Consumer Guide to Individual/Family Health Insurance

What is individual health insurance?

Individual health insurance is, quite simply, coverage that an individual purchases for himself and/or his family. The Affordable Care Act (ACA) has made significant changes to how individual insurance policies are rated and the benefits that these policies provide. Individual insurance policies and provisions are also regulated by the state where the policy is purchased.

Individual policies are often purchased with the advice of a professional insurance producer due to the complexity of coverage offerings and the premium cost. With the advent of the ACA, a professional insurance producer’s expertise may be even more critical since insurance policies have changed so dramatically.

Whether or not a person has a pre-existing medical condition is no longer a factor when purchasing individual coverage. Since a person’s medical condition is not a factor, individuals are limited to certain times when they can enroll in coverage. A person must enroll during an open enrollment period to gain coverage for the year. There are limited opportunities to purchase coverage at other times during the year as a result of a special enrollment right.

Individual insurance policies may be purchased through an exchange or “marketplace” or they may be purchased outside of the exchange. Irrespective of whether a policy is purchased inside or outside the exchange, polices must cover the same set of Essential Health Benefits. The richness of the benefits under the plan is defined by a metal tier. These tiers are based on the percentage the plan pays of the average overall cost of providing essential health benefits to members:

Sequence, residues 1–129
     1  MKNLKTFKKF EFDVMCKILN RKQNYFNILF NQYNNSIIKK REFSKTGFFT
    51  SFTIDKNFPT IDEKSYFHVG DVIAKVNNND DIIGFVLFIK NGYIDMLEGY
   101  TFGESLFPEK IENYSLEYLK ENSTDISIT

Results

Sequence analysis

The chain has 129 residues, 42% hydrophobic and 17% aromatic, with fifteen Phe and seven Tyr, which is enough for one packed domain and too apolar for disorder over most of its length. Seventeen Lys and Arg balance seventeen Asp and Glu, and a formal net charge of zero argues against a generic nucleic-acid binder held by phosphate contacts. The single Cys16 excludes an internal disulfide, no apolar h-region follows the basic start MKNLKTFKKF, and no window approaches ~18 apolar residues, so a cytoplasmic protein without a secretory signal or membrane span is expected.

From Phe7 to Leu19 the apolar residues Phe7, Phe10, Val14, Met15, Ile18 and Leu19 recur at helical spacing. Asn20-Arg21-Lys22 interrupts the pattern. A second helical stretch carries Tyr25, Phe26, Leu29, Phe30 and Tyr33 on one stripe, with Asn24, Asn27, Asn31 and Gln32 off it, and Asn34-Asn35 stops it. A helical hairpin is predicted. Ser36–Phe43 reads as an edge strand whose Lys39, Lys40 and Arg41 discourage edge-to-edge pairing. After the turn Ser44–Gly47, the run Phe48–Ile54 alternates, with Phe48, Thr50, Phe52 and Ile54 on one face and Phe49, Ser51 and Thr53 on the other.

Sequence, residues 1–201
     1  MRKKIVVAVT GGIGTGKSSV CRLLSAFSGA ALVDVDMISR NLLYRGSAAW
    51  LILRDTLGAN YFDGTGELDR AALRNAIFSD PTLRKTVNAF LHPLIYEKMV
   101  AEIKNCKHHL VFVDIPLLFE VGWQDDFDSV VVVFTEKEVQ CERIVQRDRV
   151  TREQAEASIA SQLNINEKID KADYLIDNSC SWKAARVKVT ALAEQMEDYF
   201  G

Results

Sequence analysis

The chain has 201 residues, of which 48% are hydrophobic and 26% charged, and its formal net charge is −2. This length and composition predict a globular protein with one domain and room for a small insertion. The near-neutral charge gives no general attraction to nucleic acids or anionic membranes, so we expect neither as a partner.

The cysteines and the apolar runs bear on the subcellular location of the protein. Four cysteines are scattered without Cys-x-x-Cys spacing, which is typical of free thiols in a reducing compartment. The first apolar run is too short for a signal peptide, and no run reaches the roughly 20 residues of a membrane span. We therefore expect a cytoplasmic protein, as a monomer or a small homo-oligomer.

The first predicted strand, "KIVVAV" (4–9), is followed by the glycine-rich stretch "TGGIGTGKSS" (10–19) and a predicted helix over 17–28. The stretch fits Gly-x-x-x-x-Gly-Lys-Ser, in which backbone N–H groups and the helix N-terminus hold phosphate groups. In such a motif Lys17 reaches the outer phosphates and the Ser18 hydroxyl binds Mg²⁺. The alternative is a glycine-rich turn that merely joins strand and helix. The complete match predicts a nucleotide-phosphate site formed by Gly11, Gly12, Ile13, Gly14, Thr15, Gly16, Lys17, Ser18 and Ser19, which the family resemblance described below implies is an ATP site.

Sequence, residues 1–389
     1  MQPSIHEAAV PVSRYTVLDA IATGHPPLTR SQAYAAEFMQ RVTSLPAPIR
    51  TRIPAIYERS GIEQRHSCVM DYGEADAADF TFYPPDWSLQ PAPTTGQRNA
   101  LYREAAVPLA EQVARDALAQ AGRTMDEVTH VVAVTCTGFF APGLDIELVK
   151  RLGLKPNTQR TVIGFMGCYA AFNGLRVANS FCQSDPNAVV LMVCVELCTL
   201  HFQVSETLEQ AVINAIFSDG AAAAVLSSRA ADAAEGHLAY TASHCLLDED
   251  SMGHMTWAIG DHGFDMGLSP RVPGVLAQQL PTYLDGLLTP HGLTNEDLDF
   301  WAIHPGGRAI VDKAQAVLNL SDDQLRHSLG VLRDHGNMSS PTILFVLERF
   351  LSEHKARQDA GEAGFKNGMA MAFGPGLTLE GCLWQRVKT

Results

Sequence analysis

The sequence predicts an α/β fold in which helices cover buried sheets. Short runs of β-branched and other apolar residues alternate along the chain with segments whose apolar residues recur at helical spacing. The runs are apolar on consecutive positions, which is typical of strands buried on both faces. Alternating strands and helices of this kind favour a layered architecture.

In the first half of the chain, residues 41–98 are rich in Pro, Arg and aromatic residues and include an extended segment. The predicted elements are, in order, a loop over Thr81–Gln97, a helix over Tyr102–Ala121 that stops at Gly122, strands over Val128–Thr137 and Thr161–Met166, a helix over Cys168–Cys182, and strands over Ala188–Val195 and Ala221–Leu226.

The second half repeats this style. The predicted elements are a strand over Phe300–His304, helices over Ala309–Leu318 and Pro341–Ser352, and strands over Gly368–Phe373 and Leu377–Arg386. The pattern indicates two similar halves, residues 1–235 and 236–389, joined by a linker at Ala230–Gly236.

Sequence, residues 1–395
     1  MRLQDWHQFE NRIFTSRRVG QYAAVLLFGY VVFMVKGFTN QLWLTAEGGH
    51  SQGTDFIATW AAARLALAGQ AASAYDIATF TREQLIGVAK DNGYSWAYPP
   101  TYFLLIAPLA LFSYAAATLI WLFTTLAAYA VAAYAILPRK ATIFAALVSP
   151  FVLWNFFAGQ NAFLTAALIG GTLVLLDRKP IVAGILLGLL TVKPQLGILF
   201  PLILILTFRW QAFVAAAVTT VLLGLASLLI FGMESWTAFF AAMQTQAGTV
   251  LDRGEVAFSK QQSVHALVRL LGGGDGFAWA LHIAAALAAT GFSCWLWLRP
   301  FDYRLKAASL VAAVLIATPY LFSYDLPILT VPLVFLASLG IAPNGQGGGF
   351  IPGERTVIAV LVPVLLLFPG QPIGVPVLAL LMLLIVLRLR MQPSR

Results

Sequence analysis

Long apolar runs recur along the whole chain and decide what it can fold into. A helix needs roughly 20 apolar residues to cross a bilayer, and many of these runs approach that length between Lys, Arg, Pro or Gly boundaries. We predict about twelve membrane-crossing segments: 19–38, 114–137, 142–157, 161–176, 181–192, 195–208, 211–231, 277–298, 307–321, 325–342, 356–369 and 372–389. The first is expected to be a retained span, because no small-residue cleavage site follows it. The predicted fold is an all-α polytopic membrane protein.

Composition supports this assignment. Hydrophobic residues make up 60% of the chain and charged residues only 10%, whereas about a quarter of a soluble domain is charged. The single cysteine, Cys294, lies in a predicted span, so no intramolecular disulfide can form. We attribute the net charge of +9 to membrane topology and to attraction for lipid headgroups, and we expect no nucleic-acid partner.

• Platinum plans are the most generous and more expensive. These are designed to pay as much as 90% of medical expenses
  • Gold plans are designed to pay 80% of medical expenses
  • Silver plans are expected to pay 70% of medical expenses
  • Bronze plans are expected to pay 60% of medical expenses.

It’s important to note that the metal tiers reflect what the plans will pay on average. These percentages are not the same as coinsurance, which calls for an individual to pay a specific percentage of the cost of a specific service.

Source: NAHU, National Association of Health Underwriters